Macron and Merkel call Putin over Syria

As hundreds of thousands are displaced in bloody Idlib offensive, leaders talk, but do little else.

It may not be an EU army, but at least France and Germany can still team up to dial a phone.

The situation in Idlib, in the northwest of Syria, is so catastrophic that French President Emmanuel Macron and German Chancellor Angela Merkel broke away from the extraordinary European Council budget summit in Brussels on Thursday to call Russian President Vladimir Putin to suggest convening a meeting to try to broker a ceasefire.

“The chancellor and the president wanted to alert President Putin about the humanitarian situation of the civilian population in Idlib province in Syria,” according to a press statement issued by Macron’s office.

The timidness of the call epitomizes Europe’s — and the international community’s — impotence in the face of one of the bloodiest conflicts in recent history.

Syrian President Bashar al-Assad, with the active support of Russia’s air force, which has targeted hospitals, launched a renewed assault at the end of last year to recover control of Idlib, the last province in the hands of the opposition.

In 2015, the last time Russia participated in such a large Assad offensive, more than a million refugees made their way to Europe.
Around 900,000 civilians, 60 percent of them children, have been internally displaced since December 1, 2019, according to U.N.’s Office for the Coordination of Humanitarian Affairs. Many are left to fend for themselves in makeshift tents in freezing temperatures.

In 2015, the last time Russia participated in such a large Assad offensive, more than a million refugees made their way to Europe.

Stalemate
The military and political support Russia, a permanent member of the U.N. Security Council, has provided to the Syrian president has been the key factor in helping him gradually oust opposition forces from successive strongholds since 2015. And Putin has also used the conflict to reassert Russia on the international stage as a military power.

Macron and Merkel “called for an immediate cessation of hostilities” and asked parties “not to block humanitarian aid access to populations in need,” the Elysée said. But the statement did not explicitly call out Russia for blocking multiple attempts over recent months at the U.N. Security Council to reach an agreement on a ceasefire and humanitarian aid access.

Instead, the leaders “expressed their availability to meet quickly with President Putin and President [of Turkey Recep Tayyip] Erdoğan to find a political solution to the crisis.” Ankara is the main military backer of the armed opposition forces still present in Idlib, and has deployed additional troops to the area in recent weeks.

The Kremlin, meanwhile, put out its own statement after the call, with its own version of events.

The conversation focused on “resolving the Syrian crisis in the context of the sharply aggravated situation in Idlib as a result of aggressive actions by extremist groups against Syrian government forces and civilians,” the Kremlin said. “The importance of preventing negative humanitarian consequences for the civilian population was emphasized.”

It was Macron’s idea to call Putin, according to French officials. But the call was made from the German delegation room at the European Council in Brussels, according to a German diplomat. The two are expected to make a similar plea to the Turkish president on Friday.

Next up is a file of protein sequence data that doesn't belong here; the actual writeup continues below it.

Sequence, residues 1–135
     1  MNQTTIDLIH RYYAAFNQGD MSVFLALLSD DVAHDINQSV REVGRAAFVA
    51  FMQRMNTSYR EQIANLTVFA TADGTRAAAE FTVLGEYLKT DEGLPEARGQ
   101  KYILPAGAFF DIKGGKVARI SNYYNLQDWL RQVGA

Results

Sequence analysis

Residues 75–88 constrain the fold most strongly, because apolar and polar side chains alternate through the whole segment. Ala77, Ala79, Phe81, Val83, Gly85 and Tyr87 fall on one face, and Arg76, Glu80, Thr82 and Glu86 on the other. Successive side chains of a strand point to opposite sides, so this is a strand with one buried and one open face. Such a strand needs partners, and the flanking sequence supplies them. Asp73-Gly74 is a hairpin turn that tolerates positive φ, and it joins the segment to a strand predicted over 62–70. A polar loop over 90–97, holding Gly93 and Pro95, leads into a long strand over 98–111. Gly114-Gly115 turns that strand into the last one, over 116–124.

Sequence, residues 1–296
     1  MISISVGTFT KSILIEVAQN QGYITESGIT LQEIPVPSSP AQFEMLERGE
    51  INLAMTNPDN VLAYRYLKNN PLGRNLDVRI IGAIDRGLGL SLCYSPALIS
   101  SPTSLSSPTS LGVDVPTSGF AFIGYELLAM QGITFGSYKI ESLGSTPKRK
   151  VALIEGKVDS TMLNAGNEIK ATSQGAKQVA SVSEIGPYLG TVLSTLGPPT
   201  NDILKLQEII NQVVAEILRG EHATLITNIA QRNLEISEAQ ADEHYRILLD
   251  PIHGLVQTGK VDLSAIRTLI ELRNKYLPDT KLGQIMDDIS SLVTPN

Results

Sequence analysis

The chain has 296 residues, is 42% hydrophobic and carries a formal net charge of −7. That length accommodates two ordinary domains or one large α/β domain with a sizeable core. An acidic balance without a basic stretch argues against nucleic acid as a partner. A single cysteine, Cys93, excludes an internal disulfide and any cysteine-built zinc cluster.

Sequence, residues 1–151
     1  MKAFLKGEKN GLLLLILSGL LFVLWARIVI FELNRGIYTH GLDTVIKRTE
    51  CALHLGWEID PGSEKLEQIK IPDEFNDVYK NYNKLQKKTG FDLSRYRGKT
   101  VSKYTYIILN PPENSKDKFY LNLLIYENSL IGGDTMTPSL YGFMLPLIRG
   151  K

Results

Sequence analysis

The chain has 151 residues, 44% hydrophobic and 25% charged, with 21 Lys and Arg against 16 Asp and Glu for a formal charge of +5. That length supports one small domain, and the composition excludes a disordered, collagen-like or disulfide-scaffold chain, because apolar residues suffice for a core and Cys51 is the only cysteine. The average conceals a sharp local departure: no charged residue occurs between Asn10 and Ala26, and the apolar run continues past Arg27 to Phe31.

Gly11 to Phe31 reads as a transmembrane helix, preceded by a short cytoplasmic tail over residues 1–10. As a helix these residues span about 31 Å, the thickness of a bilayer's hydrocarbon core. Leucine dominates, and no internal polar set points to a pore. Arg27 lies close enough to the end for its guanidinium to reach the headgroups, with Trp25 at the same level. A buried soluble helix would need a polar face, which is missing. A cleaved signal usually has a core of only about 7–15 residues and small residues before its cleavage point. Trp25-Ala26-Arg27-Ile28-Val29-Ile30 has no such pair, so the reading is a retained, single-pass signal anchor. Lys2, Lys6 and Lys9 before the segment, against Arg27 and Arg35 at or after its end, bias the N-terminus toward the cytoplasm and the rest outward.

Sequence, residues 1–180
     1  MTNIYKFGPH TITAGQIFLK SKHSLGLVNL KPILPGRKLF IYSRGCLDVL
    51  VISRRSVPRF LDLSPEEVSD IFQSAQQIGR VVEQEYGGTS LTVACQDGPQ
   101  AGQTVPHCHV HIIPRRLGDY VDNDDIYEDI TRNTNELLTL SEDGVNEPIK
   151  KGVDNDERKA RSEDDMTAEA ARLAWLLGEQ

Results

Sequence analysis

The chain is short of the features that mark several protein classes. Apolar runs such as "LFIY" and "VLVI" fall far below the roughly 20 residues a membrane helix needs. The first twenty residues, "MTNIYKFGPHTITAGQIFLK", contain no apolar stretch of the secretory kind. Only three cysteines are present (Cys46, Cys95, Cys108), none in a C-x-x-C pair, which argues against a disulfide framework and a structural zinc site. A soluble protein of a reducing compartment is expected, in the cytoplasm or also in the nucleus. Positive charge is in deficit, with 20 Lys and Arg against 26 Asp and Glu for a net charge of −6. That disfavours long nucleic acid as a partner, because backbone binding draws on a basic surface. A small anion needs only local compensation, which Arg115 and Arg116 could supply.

The European Council also put out a statement on the situation in Idlib Thursday night, which also did not explicitly name Russia.

“The renewed military offensive in Idlib by the Syrian regime and its backers, causing enormous human suffering, is unacceptable. The EU calls on all actors to cease hostilities immediately,” the Council statement said.

The United States, another permanent member of the U.N. Security Council, has been largely absent from the Idlib theater, focusing on issuing statements as the fighting intensified.
All talk, no intervention
Earlier on Thursday, Macron called the situation in Idlib “one of the worst humanitarian tragedies” and condemned “the military attacks the regime of Bashar al-Assad has been carrying out for several weeks against civilian populations.”

But he still shied away from pointing the finger at Russia, with which he has been trying to warm relations since he became president three years ago.

Instead, Macron said: “I really ask all the permanent members of the Security Council to own up to their responsibilities.”

On Wednesday, France’s Ambassador to the U.N. Nicolas de Rivière was more direct.

“We tried very hard to get a [U.N. Security Council] press statement calling for a cessation of hostilities and humanitarian access to Idlib, basically Russia said no,” de Rivière said as he left the council’s building in New York.

The United States, another permanent member of the U.N. Security Council, has been largely absent from the Idlib theater, focusing on issuing statements as the fighting intensified. “There is no dream of the Syrian people; they are living through a nightmare of death and destruction,” State Department spokeswoman Morgan Ortagus tweeted Thursday.

In October 2018, France, Germany, Russia and Turkey met in Istanbul and called for a lasting ceasefire and the convening of a constitutional committee to begin work toward a political solution to the conflict. The ceasefire did not hold, and the committee has met but achieved very little so far.

In September 2018, Russia and Turkey brokered a deal in the Russian city of Sochi to create a demilitarized zone in Idlib, but the deal broke down.

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